Surgery for Cardiac Arrhythmias: Past, Present, Future
Stephen D. Waterford and Niv AdAbstract
There is a rich history of surgery for cardiac arrhythmias, spanning from atrial fibrillation and Wolff–Parkinson–White syndrome to inappropriate sinus tachycardia and ventricular tachycardia. This review describes the history of these operations, their evolution over time, and the current state of practice. We devote considerable time to the discussion of atrial fibrillation, the most common cardiac arrhythmia addressed by surgeons. We discuss ablation of atrial fibrillation as a stand-alone operation and as a concomitant operation performed at the time of cardiac surgery. We also discuss the emergence of newer procedures to address atrial fibrillation in the past decade, such as the convergent procedure and totally thoracoscopic ablation, and their outcomes relative to historic approaches such as the Cox maze procedure.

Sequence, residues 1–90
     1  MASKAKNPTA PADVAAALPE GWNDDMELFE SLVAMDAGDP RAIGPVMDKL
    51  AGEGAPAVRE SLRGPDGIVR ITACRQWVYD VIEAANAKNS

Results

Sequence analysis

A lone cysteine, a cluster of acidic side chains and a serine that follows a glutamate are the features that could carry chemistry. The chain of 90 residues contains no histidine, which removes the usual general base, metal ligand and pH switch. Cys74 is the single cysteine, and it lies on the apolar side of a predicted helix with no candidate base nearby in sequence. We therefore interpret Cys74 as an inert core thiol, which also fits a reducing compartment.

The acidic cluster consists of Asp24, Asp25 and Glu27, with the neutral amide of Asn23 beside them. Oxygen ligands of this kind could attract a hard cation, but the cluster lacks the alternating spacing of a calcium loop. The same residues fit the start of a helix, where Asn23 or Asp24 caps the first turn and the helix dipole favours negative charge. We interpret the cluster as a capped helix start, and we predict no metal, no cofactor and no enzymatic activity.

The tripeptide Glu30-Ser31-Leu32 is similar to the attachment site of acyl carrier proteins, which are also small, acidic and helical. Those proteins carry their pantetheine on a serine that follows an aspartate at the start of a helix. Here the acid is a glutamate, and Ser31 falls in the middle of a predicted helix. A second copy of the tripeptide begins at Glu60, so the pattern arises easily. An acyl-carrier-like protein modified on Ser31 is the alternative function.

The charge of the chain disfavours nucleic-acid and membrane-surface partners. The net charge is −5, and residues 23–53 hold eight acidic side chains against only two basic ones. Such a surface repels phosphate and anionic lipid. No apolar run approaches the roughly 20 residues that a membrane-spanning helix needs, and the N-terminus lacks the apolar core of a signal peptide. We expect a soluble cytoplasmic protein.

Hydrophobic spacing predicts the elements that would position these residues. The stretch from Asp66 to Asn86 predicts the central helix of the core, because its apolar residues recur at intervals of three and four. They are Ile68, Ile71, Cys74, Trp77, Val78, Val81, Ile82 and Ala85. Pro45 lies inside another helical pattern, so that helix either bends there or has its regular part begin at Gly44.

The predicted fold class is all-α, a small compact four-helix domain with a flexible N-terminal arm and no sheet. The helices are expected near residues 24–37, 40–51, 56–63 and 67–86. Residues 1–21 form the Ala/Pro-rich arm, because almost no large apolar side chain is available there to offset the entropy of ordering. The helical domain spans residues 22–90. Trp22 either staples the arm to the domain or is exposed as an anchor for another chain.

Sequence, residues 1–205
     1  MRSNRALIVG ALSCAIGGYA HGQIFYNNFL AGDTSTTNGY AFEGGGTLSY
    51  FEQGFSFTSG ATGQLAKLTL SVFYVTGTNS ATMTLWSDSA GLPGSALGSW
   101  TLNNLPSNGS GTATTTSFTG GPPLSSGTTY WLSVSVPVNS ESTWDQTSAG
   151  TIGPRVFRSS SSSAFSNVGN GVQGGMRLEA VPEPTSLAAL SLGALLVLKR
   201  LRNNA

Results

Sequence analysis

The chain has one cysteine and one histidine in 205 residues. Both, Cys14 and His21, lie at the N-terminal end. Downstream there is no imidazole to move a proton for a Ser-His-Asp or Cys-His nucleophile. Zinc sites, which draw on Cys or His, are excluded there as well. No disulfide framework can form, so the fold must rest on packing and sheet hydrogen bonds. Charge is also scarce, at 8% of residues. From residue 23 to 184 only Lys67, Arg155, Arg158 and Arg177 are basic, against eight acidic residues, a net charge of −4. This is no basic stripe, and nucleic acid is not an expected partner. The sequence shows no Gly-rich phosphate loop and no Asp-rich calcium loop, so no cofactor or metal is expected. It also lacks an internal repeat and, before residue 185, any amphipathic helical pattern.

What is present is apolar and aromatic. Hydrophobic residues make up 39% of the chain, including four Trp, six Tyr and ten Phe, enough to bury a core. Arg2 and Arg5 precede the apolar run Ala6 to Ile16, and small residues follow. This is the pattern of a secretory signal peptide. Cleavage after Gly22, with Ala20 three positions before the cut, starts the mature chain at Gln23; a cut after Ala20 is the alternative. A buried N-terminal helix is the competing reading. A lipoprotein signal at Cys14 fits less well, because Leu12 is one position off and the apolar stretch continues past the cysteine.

Rambam Maimonides Med J 2024;15(1):e0002